NICE recommends faecal transplant for bowel infections

By Nikki Hancocks contact

- Last updated on GMT

Getty | ChrisChrisW
Getty | ChrisChrisW

Related tags: FMT, microbiome, Gut health, regulations

Hundreds of people with recurrent bowel infections could be treated with gut bacteria taken from a healthy donor’s poo, according to experts at The National Institute for Health and Care Excellence (NICE).

The English health care regulator estimates that 450 to 500 people suffering with recurrent Clostridium difficile​ infections each year could be treated using faecal matter transplants (FMT).

FMT treatment aims to restore a healthy population of gut bacteria and involves transferring gut bacteria and other microorganisms from healthy donor poo into the gut of the recipient.

Clinical trial evidence showed that FMT treatment is significantly better than antibiotics alone at resolving a C. diff​ infection in people who have had two or more previous infections.

C.diff​ is a bacterium that causes an infection if the balance of bacteria in the bowel changes, which leads to diarrhoea. Certain groups, such as older people, are at higher risk of C. diff​ infection. The infection most commonly affects people who are taking, or have recently taken, antibiotics, and can be transmitted very easily. It can range from mild, to life threatening, and is treated with antibiotics in the first instance.

Evidence presented to the NICE Medical Technology Advisory Committee shows the use of FMT treatment could save the NHS hundreds – or in some cases thousands – of pounds, as well as lead to fewer antibiotics being used, and give patients a better quality of life.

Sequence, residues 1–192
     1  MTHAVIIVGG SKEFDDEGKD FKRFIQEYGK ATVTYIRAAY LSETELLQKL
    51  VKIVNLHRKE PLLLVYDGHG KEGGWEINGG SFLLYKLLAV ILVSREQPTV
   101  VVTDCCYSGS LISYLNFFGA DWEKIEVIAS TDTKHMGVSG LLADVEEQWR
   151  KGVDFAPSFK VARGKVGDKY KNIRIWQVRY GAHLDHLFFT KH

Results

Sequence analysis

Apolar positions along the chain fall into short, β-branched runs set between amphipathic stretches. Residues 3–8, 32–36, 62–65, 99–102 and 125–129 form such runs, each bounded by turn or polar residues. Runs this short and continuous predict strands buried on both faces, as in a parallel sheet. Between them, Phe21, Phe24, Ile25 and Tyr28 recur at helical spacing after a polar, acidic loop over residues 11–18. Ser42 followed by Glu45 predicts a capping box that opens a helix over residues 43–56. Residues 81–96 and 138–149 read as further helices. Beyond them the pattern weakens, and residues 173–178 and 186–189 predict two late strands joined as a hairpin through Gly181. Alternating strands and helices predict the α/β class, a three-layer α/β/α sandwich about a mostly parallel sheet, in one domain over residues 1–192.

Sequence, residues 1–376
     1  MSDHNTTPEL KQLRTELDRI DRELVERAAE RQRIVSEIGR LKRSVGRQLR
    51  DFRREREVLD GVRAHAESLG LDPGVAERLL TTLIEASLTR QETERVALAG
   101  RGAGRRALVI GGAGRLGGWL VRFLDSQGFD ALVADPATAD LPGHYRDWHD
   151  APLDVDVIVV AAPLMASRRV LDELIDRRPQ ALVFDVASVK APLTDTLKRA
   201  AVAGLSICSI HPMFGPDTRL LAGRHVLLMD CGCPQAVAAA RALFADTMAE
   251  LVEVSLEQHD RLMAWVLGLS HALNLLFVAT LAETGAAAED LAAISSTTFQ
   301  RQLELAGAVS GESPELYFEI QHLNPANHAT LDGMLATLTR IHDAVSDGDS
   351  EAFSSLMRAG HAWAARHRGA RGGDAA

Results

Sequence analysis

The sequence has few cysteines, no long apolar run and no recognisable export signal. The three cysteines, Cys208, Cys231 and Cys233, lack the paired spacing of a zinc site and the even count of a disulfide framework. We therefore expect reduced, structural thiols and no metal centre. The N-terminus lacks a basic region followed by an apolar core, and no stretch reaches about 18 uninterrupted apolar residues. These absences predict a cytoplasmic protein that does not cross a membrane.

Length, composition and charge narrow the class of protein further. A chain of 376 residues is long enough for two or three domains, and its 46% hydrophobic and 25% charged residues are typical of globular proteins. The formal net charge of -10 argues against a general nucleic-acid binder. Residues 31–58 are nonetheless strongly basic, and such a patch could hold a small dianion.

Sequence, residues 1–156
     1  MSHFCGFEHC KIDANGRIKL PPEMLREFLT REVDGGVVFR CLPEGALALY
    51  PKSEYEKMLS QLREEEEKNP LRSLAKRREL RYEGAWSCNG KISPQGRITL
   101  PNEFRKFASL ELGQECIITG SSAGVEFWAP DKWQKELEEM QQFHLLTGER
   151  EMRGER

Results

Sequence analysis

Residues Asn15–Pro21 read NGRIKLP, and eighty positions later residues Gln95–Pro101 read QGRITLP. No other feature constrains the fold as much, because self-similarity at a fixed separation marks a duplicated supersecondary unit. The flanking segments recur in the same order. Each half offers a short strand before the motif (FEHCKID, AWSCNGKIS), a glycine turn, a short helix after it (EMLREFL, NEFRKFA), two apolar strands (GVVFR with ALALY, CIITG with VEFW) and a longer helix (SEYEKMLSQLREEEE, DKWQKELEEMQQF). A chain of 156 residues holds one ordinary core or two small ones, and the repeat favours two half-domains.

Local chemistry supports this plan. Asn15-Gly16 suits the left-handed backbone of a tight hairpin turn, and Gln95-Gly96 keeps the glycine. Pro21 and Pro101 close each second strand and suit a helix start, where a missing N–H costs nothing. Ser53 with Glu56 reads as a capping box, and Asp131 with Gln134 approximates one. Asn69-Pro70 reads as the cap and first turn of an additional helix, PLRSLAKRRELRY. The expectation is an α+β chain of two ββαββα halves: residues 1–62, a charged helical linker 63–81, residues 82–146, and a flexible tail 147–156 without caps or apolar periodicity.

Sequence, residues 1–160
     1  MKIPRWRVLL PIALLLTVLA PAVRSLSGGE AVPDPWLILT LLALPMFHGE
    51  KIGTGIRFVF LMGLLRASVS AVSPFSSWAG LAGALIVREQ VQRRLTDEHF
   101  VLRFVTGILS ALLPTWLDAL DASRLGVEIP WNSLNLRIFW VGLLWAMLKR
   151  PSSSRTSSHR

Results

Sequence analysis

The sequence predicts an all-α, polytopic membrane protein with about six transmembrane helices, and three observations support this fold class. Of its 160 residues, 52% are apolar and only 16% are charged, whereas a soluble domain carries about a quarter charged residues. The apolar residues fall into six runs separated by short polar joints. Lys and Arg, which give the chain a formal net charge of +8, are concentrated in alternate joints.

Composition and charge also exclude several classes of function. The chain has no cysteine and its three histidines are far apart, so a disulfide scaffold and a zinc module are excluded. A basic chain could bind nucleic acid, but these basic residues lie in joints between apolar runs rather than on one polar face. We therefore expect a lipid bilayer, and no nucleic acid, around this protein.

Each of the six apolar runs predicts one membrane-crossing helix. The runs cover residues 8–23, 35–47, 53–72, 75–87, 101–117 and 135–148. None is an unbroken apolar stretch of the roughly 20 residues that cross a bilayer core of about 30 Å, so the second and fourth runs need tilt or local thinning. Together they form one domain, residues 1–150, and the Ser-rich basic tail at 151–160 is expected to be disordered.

The intestinal bacteria can be delivered through a tube inserted directly into the stomach through the nose, or alternatively be deposited directly into the colon through a tube or swallowed via a pill.

NICE stipulates the treatment should be manufactured in accordance with Medicines and Healthcare products Regulatory Agency guidance for human medicines regulation and a strict donor screening programme should be in place to establish risk factors for transmissible diseases and factors influencing the gut microbiota.

Mark Chapman, interim director of Medical Technology at NICE, said: “There is currently a need for an effective treatment of C. diff in people who have had two or more rounds of antibiotics.

“Our committee’s recommendation of this innovative treatment will provide another tool for health professionals to use in the fight against this infection, while at the same time balancing the need to offer the best care with value for money.

“Use of this treatment will also help reduce the reliance on antibiotics and in turn reduce the chances of antimicrobial resistance, which supports NICE’s guidance on good antimicrobial stewardship.”

Clinical evidence from five randomised controlled trials of 274 adults showed that more C. diff​ infections were resolved with FMT than antibiotic treatment in four of the trials and there was no difference in the other. FMT can lead to different levels of clinical cure depending on how the treatment is given but it could resolve up to 94% of infections.

Modelling shows that FMT treatment is cheaper than treatment with almost all antibiotics. It saves £769 compared with vancomycin taper pulse (VTP) if FMT is given using colonoscopy. And saves £8,297 compared with vancomycin if it’s given using an oral capsule.

This assumes FMT costs £1,300 for 50 ml, and that a quarter of people having antibiotics alone are treated in the community (outside hospital). FMT is not cost saving compared with VTP if it’s given using an enema – this costs £1,287 per person more.

Related topics: Regulation & Policy, Inflammation

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